Around The World In 120 Days


T5E interviews the Dean of International and Alumni Affairs, Prof. R. Nagarajan, about his views regarding international exchange programs – something that most of us would want to experience atleast once in our academic life.

Prof. Nagarajan1. Congratulations on your new posting as Dean, IAR. What does your primary responsibility involve?

Well, we realized that there was a lot of synergy between the two offices of Alumni Affairs, and the International Relations office, because most of our alumni are actually abroad. Part of the reason IITs are not ranked highly in global college lists is because we do not have a very good international image. In order to do that, we need to collaborate with international academia, industry, etc. and we happened to realize that a lot of our alumni are currently abroad, and are leaders in these fields. We need to reach out to these alumni and build up our international collaboration, also improving what we have done so far. We cannot have one without the other.

We have been handling our international relations so far in a very tacit way. Some university approaches us, we approve or disapprove the request. An MoU is signed, then things just go their own way. In order to achieve something we need to go about this in a planned manner. We have a strategy known as the ‘International Collaboration Drive’. First, we identify universities that are ideal for collaboration and partner with them. Faculty members interact with each other and exchange of research scholars takes place. Once that happens, a strong link is formed between them and us. We also have collaboration on the entrepreneurship front, in terms of opportunities for students to work in startups abroad, and international students to come here and work. We would like to have some sort of collaboration with our Centre for Innovation (CFI) and international students and for joint enterprises. The opportunities for PG students is in terms of research, and for UG students it is in terms of academics and entrepreneurship.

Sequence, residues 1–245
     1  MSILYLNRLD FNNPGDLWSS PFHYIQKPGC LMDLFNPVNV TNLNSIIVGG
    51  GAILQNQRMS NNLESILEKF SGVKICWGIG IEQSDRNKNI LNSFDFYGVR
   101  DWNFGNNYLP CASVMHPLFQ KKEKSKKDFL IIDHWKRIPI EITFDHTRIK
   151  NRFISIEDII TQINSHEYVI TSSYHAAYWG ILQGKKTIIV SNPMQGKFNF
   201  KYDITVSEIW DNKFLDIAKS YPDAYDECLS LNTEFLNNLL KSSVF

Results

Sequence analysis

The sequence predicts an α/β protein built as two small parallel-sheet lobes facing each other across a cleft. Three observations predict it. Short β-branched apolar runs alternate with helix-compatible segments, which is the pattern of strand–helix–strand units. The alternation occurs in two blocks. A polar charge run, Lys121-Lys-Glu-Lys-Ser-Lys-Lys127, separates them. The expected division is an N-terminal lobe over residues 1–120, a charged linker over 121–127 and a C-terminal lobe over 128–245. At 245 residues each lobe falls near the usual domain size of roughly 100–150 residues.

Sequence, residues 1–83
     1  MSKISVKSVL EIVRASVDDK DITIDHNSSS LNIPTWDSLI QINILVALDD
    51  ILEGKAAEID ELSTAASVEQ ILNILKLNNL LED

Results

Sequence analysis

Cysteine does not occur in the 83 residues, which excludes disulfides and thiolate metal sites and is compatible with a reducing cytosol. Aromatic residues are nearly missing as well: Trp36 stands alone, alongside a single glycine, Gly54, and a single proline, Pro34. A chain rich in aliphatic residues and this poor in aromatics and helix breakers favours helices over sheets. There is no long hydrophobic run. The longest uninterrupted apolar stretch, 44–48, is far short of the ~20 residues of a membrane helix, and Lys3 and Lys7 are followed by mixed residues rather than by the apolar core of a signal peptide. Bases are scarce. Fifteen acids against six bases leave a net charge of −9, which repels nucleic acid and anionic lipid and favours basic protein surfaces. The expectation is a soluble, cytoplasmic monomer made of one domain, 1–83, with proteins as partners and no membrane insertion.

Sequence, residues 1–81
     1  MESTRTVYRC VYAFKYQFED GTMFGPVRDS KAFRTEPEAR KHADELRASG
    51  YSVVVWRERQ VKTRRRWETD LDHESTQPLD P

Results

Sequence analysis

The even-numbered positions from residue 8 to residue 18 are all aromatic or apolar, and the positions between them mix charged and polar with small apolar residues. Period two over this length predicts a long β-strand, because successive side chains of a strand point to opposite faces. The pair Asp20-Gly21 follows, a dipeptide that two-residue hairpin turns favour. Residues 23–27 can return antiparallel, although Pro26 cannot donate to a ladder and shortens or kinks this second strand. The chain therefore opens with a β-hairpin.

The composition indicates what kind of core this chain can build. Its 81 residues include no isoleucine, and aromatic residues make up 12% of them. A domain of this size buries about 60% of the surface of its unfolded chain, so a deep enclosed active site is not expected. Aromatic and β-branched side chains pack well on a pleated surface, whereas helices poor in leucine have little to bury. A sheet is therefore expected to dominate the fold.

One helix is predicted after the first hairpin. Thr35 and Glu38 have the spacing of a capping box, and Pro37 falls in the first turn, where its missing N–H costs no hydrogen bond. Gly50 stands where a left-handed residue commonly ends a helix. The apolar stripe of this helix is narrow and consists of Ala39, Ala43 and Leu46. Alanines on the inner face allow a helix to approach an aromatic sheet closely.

Professor Bhaskar (the director) and I visited the US in June and went on a trip of around 10 cities.Till now, we were asking alumni for donations only. But that is only a limited use of what they have to offer. By the formation of this new office, we can gladly enhance our international relations. Our objective is to get into the top 30 QS rankings. Currently, we are ranked 69th.

2. Can you tell us a little bit about the upcoming ‘International Day’? What is its main purpose?

International Day is being held on 4th Nov, Sunday at SAC. It is essentially being celebrated to recognize the multicultural nature of our campus, hopefully sowing the seeds for further relationships between our students and international students. Currently, international students are in a minority. This day is being celebrated to recognize all the visitors, make them feel as part of the campus, and to recognize the culture that they bring in. It is similar to what we have started on the alumni front, like Alumni Day, etc.

A lot of activities are planned – presentations by international students and faculty on their campuses and culture and reasons why our students should go there. In addition to that, we have an Indian cultural show, a food court serving international cuisine, a spanish movie playing at CLT, etc.

3. What motivation do international students have for visiting our institute?